|Have you been to Oliver Widder’s Geek and Poke blog? You should. We’ve been watching him grow as both a cartoonist and an astute observer of IT buzzwords.His work is licensed under Creative Commons and we invite you to help spread the word! We’ll be posting our favorite Geek and Poke cartoons here.|
|PCs can consume as much as 10 percent of a home’s energy bill and give off as much carbon dioxide as a family car.
Martin LaMonica, Edison: Free energy-saving PC software
Verdiem offers a free download of their software that monitors desktop Windows PCs and puts them in low-power mode when they’re idle. It’s called Edison. Microsoft and The Climate Savers Initiative are both supporting the launch of Edison.
|At first it may seem a little counter-intuitive that VARs and resellers, a fiercely competitive lot, would want to collaborate on projects, but the benefits become obvious when you consider the fact that not every VAR has the same level of expertise–and temporary partnerships forged to meet very specific client requirements could benefit everyone.
Dan Blacharski, Partnerpedia delivers social networking to the channel
Partnerpedia is being pitched as a vendor-neutral, partner-to-partner networking portal that will enable resellers to connect with one another, share information and collaborate on projects. Karen Schwartz over at SearchITChannel.com summarized how VAR-to-VAR channel partnerships offer risks and rewards.
|Although the Blu-ray movie count is up to 500 titles, the players cost 10 times more than DVD players. Industry observers agree that the HD scene, locked in a chicken and egg scenario between players sold and movie availability, will really take off when the price of players drops below $200. Maybe this Christmas.|
|The Open Source Software vendors have a similar model where they offer the software for free download and sell consulting, maintenance and support contracts for revenue.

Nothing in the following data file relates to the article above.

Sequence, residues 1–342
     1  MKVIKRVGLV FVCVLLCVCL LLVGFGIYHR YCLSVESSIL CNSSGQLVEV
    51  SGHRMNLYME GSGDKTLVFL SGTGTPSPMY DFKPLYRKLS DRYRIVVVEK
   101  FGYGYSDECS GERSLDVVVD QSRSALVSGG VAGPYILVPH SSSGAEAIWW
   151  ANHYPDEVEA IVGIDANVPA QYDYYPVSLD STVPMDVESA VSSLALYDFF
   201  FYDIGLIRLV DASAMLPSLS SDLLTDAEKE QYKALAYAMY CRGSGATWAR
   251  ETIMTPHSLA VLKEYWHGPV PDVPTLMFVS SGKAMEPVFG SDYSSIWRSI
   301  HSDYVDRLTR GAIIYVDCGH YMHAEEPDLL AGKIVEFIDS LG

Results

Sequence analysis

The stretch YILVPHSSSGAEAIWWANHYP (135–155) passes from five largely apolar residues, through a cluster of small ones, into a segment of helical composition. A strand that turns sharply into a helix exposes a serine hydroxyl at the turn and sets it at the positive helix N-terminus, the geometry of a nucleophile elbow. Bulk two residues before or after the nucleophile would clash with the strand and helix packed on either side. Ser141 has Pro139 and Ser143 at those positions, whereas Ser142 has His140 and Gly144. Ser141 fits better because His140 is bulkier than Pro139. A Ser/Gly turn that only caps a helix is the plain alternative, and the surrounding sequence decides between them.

Don Dodge, Freemium – Free to paid conversion rates
Don Dodge does a good job weeding through the Web 2.0 biz-speak and nailing down why the Freemium model could actually work for some start-ups.
Do the math. 100,000 free users convert to 3,000 paid users. They pay between $10 to $50 per user per month. Lets use $25 as an average. That is $75K a month or $900K per year. That is an excellent revenue stream for companies that typically have 3 to 5 employees.
|KDE and GNOME tend to mimic Windows. An unwritten rule in the Linux world is that user-friendliness is getting closer and closer to the MS-Windows model. So what really grabbed me when I started E (as Enlightenment is generally called) was it’s departure from the beaten track.
Kiran, The Day I Was Enlightened
|Microsoft SharePoint 2007 comes in 2 flavors: Microsoft Office SharePoint Server (MOSS) and Windows SharePoint Services (WSS). SMB’s will traditionally be able to rapidly deploy WSS and not hassle with expensive licensing in MOSS. However, at certain levels, MOSS offers some higher level functionality that you just can’t beat.
Ken Stewart, SharePoint 2007: Friend or Foe? – 2 of 4 –
|I think it’s a combination of technical and social factors that leads to all the defects in deployed software. Part of it is the attitude that software is just inherently unreliable, and customers are conditioned to accept that. Developers are conditioned to accept that. Testers are conditioned to accept that. We just decided it was like the weather and there’s nothing we could do about it, which isn’t a very responsible position because in fact, there’s a lot that software developers can do about it.
Kent Beck, as quoted in Extreme Programming inventor talks about agile development
Kent Beck gave a great interview that’s posted on the IBM developerWorks site, where he talks about the payroll project at Chrysler. It’s a great read.